Columbia University Religion Graduate Students Association

Participants

Speakers

Bernard Stiegler is the Director of the Department of Cultural Development at the Centre Georges-Pompidou in Paris and the founder of Ars Industrialis. He is a student of Jacques Derrida's, and perhaps most well known for his three-volume project, Technics and Time, which brings together a wide variety of thinkers (including Derrida, Andre Leroi-Gourhan, Gilbert Simondon and Paul Valery) in a global theory of what he calls "techno-bio-politics" (a conscious attempt to expand Michel Foucault's concept of the bio-political to include the technological). He is also one of the stars of David Barison and Daniel Ross' The Ister, a film investigating Martin Heidegger's thoughts on Holderlin. Most recently, he had an entire issue of the philosophy journal, Transformations, devoted to his work.

Mark C. Taylor is the Chair of the Department of Religion at Columbia University. A leading figure in debates about post-modernism, Taylor has written on topics ranging from philosophy, religion, literature, art and architecture to education, media, science, technology and economics. His most recent books include Field Notes from Elsewhere and After God. Beyond his scholarly work, Taylor contributes to the New York Times, Los Angeles Times and other periodicals.

Brian Larkin is an Assistant Professor in the Department of Anthropology at Barnard College. His research examines the way media technologies shape secular and Muslim modernities in northern Nigeria. He is especially interested in the material culture of technologies and how these shape and are shaped by local religious and social beliefs. He also examines the imaginative worlds made available to Hausa youth by the circulation of transnational media flows, from Indian films to Islamic media, and the connections they create within and between non-Western countries. Third, his work analyzes the way media technologies have become central to the rise of new Islamic movements in the north of Nigeria.

Lydia Liu: W. T. Tam Professor in the Humanities and Professor of Chinese and Comparative Literature, specializes in modern Chinese literature and culture, critical translation theory, postcolonial empire studies, as well as semiotics and media studies. Professor Liu received her Ph.D. in Comparative Literature from Harvard University (1990) and has taught at UC Berkeley and the University of Michigan before joining Columbia University in 2006. Her work has focused on literary modernity in translation, the movement of words, ideas, and artifacts across cultures, sovereign thinking in the nineteenth century, and the evolution of writing, textuality, and technology. Her current research focuses on the relationship between literature and science in general and the interaction between modernism and technology in particular. She has published a number of books in English and Chinese. Her new book The Freudian Robot: Digital Media and the Future of the Unconscious will be published by the University of Chicago Press in 2010.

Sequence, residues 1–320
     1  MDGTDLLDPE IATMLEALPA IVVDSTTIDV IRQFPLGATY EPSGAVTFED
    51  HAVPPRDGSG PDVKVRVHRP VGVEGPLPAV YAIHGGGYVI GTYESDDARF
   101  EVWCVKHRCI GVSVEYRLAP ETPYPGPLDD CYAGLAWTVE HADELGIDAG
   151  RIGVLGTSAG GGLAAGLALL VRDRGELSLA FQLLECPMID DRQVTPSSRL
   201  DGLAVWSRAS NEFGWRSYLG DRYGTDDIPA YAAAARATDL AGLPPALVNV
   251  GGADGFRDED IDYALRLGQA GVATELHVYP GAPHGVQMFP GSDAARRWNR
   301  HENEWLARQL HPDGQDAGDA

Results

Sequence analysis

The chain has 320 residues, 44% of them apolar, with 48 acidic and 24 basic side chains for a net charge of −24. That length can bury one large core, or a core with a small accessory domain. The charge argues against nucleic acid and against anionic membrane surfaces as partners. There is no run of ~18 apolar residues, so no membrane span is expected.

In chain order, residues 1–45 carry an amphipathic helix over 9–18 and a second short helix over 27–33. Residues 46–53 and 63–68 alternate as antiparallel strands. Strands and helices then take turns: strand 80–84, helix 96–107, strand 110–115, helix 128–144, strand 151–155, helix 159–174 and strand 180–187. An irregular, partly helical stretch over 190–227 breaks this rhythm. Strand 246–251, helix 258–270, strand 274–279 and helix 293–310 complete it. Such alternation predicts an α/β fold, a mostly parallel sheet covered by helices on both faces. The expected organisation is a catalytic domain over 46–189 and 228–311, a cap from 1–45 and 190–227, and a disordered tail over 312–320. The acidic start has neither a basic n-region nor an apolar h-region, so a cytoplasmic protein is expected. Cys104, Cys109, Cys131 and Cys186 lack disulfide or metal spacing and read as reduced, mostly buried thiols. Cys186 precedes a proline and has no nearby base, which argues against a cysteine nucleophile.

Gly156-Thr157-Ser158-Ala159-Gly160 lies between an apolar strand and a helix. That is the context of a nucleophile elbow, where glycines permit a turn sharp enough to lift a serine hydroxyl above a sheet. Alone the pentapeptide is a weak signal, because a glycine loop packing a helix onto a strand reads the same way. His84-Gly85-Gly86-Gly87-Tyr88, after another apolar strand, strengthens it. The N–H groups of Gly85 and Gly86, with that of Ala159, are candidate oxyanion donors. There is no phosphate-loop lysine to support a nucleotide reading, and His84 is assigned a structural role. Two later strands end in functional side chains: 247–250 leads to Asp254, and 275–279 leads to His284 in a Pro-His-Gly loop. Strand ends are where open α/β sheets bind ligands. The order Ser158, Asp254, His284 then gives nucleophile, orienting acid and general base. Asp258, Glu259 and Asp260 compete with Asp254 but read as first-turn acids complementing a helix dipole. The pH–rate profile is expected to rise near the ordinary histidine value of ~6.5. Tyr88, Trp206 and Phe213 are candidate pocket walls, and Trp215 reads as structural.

Discussants

Peter Awn received his Ph.D. in Islamic religion and comparative religion from Harvard University in 1978. Previously he earned a B.A. in Philosophy and Classical Languages, and an M.Div. in Christian Theology. He is presently Professor of Islamic Religion and Comparative Religion. He has been visiting professor at Princeton University and has lectured widely to academic and business professionals on the role Islamic religion plays in the current political and social development of the Muslim world. Professor Awn was the first recipient of the Phillip and Ruth Hettleman Award for distinguished teaching andresearch. His book, "Satan's Tragedy and Redemption: Iblîs in Sufi Psychology", a study of the devil in Islamic mysticism (Sufism), was the recipient of a book award from the American Council of Learned Societies.

Joshua Dubler's research and teaching focus on American religion and theory of religion. Along with Andrea Sun-Mee Jones, he is the author of Bang! Thud: World Spirit from a Texas School Book Depository. Bang! Thud turns to the figure of the assassin to provide an account of agency in history, one it executes in dialogue with Hegel, Tolstoy, Walter Benjamin and Saba Mahmood among others. Joshua is currently working on developing his dissertation into a book. The manuscript, entitled Seven Weeks of Penitentiary Life, is an ethnographic study of the chapel at Pennsylvania's State Correctional Institutional at Graterford.